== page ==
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Human Genome EditingAfter two years of study, the World Health Organization (WHO) released two reports on how to use human genome editing safely and inclusively. The editing technology has significant potential to cure many diseases but the drawbacks must be considered, experts say. Human genome editing safety remains a priority and ensuring everyone has access to the technology could lead to significant improvements in the fight against poverty. The process warrants significant attention: It could further inequality but could also be a massive step toward eradicating poverty.

What is Human Genome Editing?

Somatic and germline editing are two primary types of genome editing. Somatic editing is surface-level and can be used to treat a disease with genetic origins. For example, a scientist can take a patient’s blood cells and utilize CRISPR technology “to edit blood cells as a treatment” for “blood disorders.” This genome editing type does not get passed down to any children.

Germline editing, the more controversial type, changes the genome of a human embryo at the earliest possible stage. It impacts all cells, which could affect any children one has in the future. Although germline editing raises significant ethical questions, it does have the potential to prevent several diseases from manifesting in a child. Currently, international policies limit germline editing, sometimes allowing it for only research purposes. If an individual utilizes edited embryos to “initiate a pregnancy,” this would be considered heritable genome editing.

Heritable genome editing makes changes to the “genetic material of eggs, sperm or any cells that lead to their development,” which includes early embryos. Human genome editing safety sparks serious ethical and controversial concerns, thus, restrictions and guidelines exist worldwide.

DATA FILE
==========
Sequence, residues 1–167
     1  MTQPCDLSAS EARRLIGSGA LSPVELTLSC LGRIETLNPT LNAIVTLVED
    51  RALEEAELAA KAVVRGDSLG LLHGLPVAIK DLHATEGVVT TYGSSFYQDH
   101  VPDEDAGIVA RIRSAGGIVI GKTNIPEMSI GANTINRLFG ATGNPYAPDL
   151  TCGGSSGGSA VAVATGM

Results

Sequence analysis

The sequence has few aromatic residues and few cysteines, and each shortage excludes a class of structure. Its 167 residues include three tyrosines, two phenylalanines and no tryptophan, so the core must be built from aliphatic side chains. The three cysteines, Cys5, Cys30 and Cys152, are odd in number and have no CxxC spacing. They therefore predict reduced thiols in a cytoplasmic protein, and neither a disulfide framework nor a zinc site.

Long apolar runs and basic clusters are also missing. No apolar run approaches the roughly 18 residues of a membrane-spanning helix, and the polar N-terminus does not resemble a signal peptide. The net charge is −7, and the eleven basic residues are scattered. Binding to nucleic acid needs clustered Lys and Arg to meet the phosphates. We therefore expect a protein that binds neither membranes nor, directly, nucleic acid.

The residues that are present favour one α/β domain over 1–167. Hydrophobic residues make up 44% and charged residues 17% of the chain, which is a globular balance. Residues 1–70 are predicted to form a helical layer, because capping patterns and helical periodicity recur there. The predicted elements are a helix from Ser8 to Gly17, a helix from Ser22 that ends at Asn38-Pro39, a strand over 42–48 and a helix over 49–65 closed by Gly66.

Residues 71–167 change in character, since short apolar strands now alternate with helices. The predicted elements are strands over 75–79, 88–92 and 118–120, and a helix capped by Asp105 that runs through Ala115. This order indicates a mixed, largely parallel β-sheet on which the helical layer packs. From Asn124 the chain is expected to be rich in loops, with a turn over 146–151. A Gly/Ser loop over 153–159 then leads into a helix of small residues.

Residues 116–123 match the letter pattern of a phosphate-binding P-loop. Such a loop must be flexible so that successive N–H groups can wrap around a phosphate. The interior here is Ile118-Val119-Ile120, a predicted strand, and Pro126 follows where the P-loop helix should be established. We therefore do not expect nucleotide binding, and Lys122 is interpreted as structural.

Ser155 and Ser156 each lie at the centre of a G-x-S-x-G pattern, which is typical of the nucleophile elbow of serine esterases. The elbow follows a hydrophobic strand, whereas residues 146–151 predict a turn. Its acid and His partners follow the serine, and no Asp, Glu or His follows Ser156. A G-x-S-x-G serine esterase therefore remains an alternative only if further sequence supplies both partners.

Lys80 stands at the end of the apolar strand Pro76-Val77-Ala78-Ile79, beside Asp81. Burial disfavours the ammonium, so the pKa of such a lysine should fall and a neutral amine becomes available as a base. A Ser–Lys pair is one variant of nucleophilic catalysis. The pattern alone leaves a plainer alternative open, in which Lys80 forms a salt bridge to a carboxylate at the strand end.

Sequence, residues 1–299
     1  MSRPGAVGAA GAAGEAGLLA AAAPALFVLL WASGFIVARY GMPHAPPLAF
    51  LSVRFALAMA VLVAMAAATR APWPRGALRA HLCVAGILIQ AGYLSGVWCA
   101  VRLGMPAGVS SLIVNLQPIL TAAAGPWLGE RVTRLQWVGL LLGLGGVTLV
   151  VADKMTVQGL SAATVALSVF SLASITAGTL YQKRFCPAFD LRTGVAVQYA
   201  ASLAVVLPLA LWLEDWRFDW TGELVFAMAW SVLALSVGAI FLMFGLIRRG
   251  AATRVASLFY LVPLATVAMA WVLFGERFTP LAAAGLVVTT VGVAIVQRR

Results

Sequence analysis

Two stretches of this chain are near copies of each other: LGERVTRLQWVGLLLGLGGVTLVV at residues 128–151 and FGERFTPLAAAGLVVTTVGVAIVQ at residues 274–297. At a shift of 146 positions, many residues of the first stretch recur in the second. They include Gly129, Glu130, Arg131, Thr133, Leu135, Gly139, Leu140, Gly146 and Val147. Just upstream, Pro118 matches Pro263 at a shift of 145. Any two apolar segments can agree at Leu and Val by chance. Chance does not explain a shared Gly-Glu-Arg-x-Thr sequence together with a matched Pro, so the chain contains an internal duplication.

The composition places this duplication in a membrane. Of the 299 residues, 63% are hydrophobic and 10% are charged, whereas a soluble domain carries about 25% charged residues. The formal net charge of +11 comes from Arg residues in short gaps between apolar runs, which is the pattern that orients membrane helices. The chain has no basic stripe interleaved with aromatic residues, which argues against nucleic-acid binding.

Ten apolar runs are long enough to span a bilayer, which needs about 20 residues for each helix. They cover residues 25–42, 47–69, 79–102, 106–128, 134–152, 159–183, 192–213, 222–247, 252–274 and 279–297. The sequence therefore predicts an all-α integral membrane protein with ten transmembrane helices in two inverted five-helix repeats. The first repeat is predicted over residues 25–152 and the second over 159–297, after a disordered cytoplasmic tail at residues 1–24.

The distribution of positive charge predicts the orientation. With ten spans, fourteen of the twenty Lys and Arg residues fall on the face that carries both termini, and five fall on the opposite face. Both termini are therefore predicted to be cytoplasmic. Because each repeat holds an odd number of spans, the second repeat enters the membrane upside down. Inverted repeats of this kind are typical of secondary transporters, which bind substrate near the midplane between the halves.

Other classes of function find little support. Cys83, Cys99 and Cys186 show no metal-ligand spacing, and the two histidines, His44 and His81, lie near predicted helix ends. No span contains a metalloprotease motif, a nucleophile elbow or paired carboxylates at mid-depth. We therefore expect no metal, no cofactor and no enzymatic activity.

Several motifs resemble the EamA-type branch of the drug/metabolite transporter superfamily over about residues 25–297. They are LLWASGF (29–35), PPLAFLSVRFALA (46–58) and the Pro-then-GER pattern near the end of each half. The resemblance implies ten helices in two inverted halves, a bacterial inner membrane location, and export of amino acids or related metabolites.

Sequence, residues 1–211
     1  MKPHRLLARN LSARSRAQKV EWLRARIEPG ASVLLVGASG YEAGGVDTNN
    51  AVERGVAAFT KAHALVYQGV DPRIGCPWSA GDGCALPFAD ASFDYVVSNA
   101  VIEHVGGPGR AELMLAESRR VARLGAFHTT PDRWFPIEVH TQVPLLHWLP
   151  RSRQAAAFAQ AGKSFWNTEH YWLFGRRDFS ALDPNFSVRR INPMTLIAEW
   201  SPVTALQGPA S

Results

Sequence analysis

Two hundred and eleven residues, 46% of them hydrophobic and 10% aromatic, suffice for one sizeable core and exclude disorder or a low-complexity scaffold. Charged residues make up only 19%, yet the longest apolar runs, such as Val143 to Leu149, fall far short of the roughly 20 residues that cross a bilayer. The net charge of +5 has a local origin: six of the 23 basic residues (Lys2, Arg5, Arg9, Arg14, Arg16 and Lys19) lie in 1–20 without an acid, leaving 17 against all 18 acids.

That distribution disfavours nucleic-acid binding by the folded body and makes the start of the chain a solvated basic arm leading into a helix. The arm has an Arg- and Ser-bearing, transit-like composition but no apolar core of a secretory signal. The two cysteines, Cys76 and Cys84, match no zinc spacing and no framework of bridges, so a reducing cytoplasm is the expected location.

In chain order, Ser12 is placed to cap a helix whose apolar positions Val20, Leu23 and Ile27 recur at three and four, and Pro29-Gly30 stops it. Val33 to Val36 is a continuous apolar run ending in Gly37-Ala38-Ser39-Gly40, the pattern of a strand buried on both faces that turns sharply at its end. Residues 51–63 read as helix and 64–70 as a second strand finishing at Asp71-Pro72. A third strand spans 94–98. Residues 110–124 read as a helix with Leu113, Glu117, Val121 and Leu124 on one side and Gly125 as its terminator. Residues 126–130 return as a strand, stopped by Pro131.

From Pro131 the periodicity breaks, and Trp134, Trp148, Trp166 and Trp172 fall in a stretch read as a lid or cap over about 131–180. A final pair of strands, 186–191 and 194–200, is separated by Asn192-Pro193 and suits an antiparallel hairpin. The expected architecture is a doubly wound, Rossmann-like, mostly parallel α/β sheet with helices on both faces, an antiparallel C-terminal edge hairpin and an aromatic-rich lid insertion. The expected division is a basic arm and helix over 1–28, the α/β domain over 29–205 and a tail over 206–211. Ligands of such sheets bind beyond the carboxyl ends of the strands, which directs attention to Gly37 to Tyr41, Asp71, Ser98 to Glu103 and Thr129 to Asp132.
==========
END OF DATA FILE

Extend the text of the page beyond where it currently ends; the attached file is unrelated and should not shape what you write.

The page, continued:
Considering the Positives

The potential to cure serious diseases is enormous despite ethical questions. Faster diagnoses, accurate treatments and disorder prevention efforts all could be achieved or improved through genome editing, according to the U.N. In fact, somatic gene therapy made significant strides toward treating HIV and sickle-cell disease in recent years.

Fertility and disease resistance could both improve with the technology’s use. Human genome editing can and already is a way to treat or prevent many serious diseases, and overall, improve life for many. If used correctly, in a safe and efficient manner, the entire world could benefit.

Considering the Negatives

The potential is enormous, but so are the risks. Political and social justice issues are very important to consider, especially when it comes to germline and heritable genome editing. Editing could affect the very issues movements fighting for a broad range of social and economic issues raise.

Germline and heritable human genome editing both have ethical and moral questions. There is a possibility the genetic changes can be passed down to future children. It could be used as a way to improve traits in an irresponsible manner and access could vary for many.